Aaron Paul Says He Doesn’t ‘Get a Piece from Netflix’ for Success of ‘Breaking Bad’ on the Streamer

As the SAG-AFTRA strike continues on, Aaron Paul has become the latest actor to call out Netflix for its residual model. In an interview with Entertainment Tonight Canada at a recent SAG rally, Paul suggested that he received zero compensation from the streamer for the performance of his hit series “Breaking Bad.”

“I don’t get a piece from Netflix on ‘Breaking Bad’ to be totally honest and that’s insane to me,” Paul told the publication (via Variety). “Shows live forever on these streamers and it goes through waves. And I just saw the other day that ‘Breaking Bad’ was trending on Netflix, and it’s just such common sense, and a lot of these streamers, they know they have been getting away with not paying people just fair wage and now it’s time to pony up.”

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Paul, who reunited with his “Breaking Bad” costars Bryan Cranston and Jesse Plemons at the rally, played Jesse Pinkman in all five seasons of the AMC drama. The series, created by Vince Gilligan, ran from 2008 to 2013, and was decently successful ratings-wise on linear television. But the show proved wildly successful on Netflix when it was added to the platform prior to the Season 4 premiere, and became a top-performer for the streamer. In 2019, Paul reprised his role for a sequel film “El Camino,” which was released as a Netflix original.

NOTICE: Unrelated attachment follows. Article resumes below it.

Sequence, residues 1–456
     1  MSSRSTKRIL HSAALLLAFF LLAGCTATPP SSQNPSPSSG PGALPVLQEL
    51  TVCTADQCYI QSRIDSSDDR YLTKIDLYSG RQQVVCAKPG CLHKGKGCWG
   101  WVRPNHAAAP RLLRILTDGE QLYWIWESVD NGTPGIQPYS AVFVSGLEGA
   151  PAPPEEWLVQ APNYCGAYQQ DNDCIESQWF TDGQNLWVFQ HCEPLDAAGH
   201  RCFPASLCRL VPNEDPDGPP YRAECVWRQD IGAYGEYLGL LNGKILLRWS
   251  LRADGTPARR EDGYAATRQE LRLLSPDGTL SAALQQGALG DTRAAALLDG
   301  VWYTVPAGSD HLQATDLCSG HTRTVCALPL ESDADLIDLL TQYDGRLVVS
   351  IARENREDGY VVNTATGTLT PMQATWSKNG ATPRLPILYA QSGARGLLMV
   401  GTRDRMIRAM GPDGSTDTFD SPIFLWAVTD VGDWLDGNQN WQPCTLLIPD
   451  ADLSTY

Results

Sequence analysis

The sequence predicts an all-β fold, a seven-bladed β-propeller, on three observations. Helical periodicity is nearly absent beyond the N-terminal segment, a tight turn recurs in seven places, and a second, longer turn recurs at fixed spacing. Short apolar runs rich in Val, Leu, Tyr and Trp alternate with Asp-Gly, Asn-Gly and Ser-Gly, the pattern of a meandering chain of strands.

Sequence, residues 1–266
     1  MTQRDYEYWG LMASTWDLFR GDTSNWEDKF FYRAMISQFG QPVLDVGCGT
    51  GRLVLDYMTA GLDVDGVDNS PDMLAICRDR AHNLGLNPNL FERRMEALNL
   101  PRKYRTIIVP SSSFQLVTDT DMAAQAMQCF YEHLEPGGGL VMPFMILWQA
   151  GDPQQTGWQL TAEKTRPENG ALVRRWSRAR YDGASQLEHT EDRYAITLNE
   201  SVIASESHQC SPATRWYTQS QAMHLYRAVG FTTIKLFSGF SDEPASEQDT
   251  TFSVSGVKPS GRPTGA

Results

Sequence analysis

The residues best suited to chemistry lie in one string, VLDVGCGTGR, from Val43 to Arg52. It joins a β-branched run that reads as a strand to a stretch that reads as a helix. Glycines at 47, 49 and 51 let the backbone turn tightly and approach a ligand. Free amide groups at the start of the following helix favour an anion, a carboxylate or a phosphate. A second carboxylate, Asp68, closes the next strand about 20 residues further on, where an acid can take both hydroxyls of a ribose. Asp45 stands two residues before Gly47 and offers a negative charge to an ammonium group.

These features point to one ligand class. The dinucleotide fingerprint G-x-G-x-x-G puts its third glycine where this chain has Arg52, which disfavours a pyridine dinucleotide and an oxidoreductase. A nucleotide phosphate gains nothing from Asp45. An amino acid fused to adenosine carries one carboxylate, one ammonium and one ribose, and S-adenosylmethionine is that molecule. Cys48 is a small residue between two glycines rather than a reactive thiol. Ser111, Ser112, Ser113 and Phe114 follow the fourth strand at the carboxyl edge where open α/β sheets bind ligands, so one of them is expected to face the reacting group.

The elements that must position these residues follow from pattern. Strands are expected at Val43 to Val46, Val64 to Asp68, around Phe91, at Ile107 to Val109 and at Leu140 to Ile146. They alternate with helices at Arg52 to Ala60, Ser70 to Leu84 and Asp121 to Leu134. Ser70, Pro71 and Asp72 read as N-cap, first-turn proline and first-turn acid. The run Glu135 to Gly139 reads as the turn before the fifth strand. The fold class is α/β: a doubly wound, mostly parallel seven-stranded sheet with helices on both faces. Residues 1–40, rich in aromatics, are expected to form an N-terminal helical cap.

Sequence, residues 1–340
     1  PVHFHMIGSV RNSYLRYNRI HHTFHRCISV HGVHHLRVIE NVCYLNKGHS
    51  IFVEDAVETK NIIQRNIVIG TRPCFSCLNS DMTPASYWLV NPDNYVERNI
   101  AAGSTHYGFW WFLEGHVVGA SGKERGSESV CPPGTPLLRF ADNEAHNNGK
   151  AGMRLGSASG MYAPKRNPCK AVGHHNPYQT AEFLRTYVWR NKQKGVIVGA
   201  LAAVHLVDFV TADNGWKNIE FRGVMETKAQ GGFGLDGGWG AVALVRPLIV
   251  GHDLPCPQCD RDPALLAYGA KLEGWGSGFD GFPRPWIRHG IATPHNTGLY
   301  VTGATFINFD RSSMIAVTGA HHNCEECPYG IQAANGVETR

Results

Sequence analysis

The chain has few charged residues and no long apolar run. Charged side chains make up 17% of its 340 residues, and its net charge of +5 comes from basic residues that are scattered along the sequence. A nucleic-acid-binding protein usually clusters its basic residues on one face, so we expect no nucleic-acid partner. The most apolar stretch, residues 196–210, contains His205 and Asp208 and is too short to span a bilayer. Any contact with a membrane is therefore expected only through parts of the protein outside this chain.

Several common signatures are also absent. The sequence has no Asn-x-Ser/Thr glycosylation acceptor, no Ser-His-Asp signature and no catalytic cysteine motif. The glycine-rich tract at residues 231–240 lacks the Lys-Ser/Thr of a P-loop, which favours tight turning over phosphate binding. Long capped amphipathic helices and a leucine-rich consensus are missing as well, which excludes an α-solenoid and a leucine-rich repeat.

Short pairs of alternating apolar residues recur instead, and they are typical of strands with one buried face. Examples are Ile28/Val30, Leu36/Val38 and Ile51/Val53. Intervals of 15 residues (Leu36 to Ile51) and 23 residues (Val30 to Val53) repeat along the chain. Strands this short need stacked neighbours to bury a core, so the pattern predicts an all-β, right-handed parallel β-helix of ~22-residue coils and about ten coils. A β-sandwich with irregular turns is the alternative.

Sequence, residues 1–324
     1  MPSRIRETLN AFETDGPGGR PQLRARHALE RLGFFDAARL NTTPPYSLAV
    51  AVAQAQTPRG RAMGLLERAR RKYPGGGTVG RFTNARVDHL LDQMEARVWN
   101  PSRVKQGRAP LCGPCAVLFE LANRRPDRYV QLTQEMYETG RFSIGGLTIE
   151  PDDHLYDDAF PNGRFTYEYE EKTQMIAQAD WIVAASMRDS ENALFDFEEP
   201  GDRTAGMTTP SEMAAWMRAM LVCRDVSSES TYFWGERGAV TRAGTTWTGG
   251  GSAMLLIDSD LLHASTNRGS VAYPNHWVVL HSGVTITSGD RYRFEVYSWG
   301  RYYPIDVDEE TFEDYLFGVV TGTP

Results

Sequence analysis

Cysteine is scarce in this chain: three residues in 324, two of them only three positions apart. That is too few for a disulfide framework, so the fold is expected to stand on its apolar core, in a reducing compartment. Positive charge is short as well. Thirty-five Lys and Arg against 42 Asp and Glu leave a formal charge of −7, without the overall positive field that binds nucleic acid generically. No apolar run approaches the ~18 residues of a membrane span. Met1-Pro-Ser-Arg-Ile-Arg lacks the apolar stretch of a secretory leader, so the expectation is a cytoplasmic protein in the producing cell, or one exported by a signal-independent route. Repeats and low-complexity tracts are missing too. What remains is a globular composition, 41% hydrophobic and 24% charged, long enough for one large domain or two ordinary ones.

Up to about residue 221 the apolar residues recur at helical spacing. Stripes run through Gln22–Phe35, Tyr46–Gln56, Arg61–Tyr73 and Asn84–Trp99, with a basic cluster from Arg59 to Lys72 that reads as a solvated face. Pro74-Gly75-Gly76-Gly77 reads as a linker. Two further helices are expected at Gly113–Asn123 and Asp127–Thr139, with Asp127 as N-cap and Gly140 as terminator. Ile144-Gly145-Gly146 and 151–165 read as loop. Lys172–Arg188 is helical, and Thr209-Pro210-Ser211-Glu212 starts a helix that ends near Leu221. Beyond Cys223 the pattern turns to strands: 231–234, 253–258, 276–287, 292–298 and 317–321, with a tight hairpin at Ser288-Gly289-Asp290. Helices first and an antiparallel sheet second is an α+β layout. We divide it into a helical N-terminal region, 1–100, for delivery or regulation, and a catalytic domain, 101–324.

Paul’s comments follow several other actors who have voiced dissatisfaction over Netflix’s compensation for their work. Kimiko Glenn, who starred in Netflix original “Orange is the New Black,” said in a TikTok video posted shortly after SAG went on strike that the ensemble cast of the series, which ran for seven seasons, needed to get second jobs during its run. In an interview with The Hollywood Reporter, “Gilmore Girls” actor Sean Gunn said he received no compensation for the show’s performance on Netflix.

In July, Cranston gave a speech at SAG-AFTRA’s “Rock the City for a Fair Contract” rally in New York City, pointedly calling out Walt Disney Company CEO Bob Iger for calling SAG and the WGA’s demands “not realistic” and “very disturbing.”

“We’ve got a message for Mr. Iger,” Cranston said. “I know, sir, that you look [at] things through a different lens. We don’t expect you to understand who we are. But we ask you to hear us, and beyond that to listen to us when we tell you we will not be having our jobs taken away and given to robots. We will not have you take away our right to work and earn a decent living. And lastly, and most importantly, we will not allow you to take away our dignity! We are union through and through, all the way to the end!”

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